The job of a photographic lens is to capture light and bend it toward the film or digital sensor. The refraction of light exerts a variety of side effects on the image projected onto the film or digital sensor. Your understanding of how this bending can affect the image may factor into how you compose your images.
Anomalies and Lens Distortion
Glass, crystal, liquid, or plastic lenses made for photography are never “perfect”—just like the lenses in our own eyes. Photographic lenses often comprise multiple lens elements. Because of the way light is transmitted and bent through these elements, many anomalies are introduced, which have an effect on the resulting image.
"Glass, crystal, liquid, or plastic lenses made for photography are never ‘perfect’—just like the lenses in our own eyes."
Most common photographic lenses are rectilinear—meaning straight lines in a scene are reproduced in the image as straight lines. But, because light rays are being refracted, even with a rectilinear lens, distortion appears when the light passes through the elements of the lens. Some rectilinear lenses exhibit barrel distortion, pincushion distortion, or mustache distortion.
Curvilinear lenses, the opposite of rectilinear, will curve straight lines in an image. Wide-angle fisheye lenses are non-rectilinear, or curvilinear, lenses.
In this article, we are going to talk specifically about perspective distortion, but for a more comprehensive look at optical anomalies, click this link.
Perspective Distortion: Focal Length / Subject Distance
There is a common belief in the photography world that the focal length of a lens is the culprit in the crime of distortion. You can find dozens of articles online stating that wide-angle lenses are not acceptable for portraiture because they appear to cause facial distortions. Fact: a rectilinear lens, regardless of its focal length, will not distort objects in the frame, beyond the aforementioned lens distortions. A curvilinear lens will distort the image.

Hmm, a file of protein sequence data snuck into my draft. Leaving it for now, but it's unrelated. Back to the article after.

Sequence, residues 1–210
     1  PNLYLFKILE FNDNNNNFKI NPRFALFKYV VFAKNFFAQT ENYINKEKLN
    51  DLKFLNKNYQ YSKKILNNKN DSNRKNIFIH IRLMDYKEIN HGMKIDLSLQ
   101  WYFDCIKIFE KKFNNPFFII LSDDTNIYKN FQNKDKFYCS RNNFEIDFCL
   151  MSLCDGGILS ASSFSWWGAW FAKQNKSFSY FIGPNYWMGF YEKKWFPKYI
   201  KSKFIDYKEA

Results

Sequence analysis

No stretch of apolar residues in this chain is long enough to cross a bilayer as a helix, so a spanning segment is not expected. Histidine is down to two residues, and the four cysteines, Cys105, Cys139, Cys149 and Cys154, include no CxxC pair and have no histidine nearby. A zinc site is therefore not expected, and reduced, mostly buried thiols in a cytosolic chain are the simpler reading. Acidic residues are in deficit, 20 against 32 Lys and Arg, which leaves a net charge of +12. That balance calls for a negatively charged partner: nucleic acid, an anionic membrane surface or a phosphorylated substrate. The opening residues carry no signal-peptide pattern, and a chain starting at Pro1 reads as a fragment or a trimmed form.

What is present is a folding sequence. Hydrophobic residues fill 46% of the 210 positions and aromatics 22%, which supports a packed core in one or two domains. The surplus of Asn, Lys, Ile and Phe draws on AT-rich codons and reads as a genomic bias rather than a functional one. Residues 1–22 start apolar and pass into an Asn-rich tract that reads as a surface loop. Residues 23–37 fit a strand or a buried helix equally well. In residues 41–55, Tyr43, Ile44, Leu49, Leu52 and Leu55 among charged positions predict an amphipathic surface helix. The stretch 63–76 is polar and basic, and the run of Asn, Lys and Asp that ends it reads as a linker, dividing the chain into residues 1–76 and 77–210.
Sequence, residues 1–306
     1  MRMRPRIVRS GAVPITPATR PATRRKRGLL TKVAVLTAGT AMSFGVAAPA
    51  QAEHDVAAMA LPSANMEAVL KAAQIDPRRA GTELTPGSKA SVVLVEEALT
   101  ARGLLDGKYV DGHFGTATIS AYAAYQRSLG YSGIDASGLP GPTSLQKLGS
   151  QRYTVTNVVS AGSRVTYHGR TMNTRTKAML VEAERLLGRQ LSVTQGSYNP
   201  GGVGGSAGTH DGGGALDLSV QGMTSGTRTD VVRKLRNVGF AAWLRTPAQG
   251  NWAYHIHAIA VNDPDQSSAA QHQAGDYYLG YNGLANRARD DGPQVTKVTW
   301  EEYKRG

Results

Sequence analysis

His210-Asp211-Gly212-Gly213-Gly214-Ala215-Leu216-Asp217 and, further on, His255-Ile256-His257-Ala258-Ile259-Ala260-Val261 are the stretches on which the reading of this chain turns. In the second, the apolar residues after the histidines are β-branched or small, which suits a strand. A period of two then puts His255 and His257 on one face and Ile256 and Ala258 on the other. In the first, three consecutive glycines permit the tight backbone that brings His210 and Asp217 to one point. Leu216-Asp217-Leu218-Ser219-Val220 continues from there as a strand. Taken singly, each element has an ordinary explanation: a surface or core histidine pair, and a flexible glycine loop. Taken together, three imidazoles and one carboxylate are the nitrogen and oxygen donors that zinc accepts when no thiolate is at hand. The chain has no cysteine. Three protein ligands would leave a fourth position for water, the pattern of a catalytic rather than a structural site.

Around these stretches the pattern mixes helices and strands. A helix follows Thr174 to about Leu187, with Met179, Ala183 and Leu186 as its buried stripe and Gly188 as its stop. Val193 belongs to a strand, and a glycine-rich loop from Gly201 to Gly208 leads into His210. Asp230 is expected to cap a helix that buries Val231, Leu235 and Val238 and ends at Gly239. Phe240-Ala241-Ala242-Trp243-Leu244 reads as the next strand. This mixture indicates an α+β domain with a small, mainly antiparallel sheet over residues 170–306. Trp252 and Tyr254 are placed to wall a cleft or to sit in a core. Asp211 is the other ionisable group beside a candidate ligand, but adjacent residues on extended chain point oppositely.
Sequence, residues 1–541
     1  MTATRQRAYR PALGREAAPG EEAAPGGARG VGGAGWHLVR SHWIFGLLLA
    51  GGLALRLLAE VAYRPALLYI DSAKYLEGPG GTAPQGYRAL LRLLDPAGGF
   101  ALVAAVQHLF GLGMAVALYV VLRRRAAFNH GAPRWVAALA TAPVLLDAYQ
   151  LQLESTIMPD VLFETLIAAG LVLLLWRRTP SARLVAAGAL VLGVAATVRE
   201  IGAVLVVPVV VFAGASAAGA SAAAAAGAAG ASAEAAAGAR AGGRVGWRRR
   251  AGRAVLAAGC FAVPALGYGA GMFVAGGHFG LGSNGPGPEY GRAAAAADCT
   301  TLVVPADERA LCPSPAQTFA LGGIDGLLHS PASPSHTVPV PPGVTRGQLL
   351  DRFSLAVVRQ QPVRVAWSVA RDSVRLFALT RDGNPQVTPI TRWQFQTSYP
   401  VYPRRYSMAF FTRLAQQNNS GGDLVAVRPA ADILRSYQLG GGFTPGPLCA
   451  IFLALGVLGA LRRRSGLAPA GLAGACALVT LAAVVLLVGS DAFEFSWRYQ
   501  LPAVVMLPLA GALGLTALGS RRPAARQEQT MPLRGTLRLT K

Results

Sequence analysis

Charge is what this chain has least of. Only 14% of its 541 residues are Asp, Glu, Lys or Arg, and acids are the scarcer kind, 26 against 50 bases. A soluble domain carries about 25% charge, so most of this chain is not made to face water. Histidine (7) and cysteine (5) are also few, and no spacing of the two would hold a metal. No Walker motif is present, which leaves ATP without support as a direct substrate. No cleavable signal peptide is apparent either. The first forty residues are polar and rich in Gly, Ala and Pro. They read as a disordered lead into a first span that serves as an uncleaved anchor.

The truth of the matter is that wide-angle lenses do cause facial distortions when the subject-to-lens distance is small. The wide-angle lens does not distort objects on its own. If that were the case, capturing a landscape image of a mountain range with a wide-angle lens would show distorted mountains. As you move an object closer to a lens of any focal length, the resulting image will show signs of distortion due to the changing angles of light entering the lens. The closer the object is, the greater the difference of the angle between objects at the center of the frame and the edges.
This issue comes up most with portraiture, but it applies to any object you are photographing. If you want to make a standard head-and-shoulders portrait of a person, you will have to stand very close to them with a wide-angle lens. The subject’s face will distort due to the angular differential explained above. If you stand farther away from the subject, the distortion will fade, but you will have lost your head-and-shoulders perspective.
At the other end of the focal-length spectrum, a long telephoto lens will optically compress an object because there is a very small angular difference between the light rays entering the lens. When it comes to portraiture, a certain amount of compression is often considered flattering for the subject. Additionally, the longer focal length lens allows a more comfortable working distance between the model and photographer. This is why telephoto lenses are often preferred for portraiture.
Perspective Distortion: Angles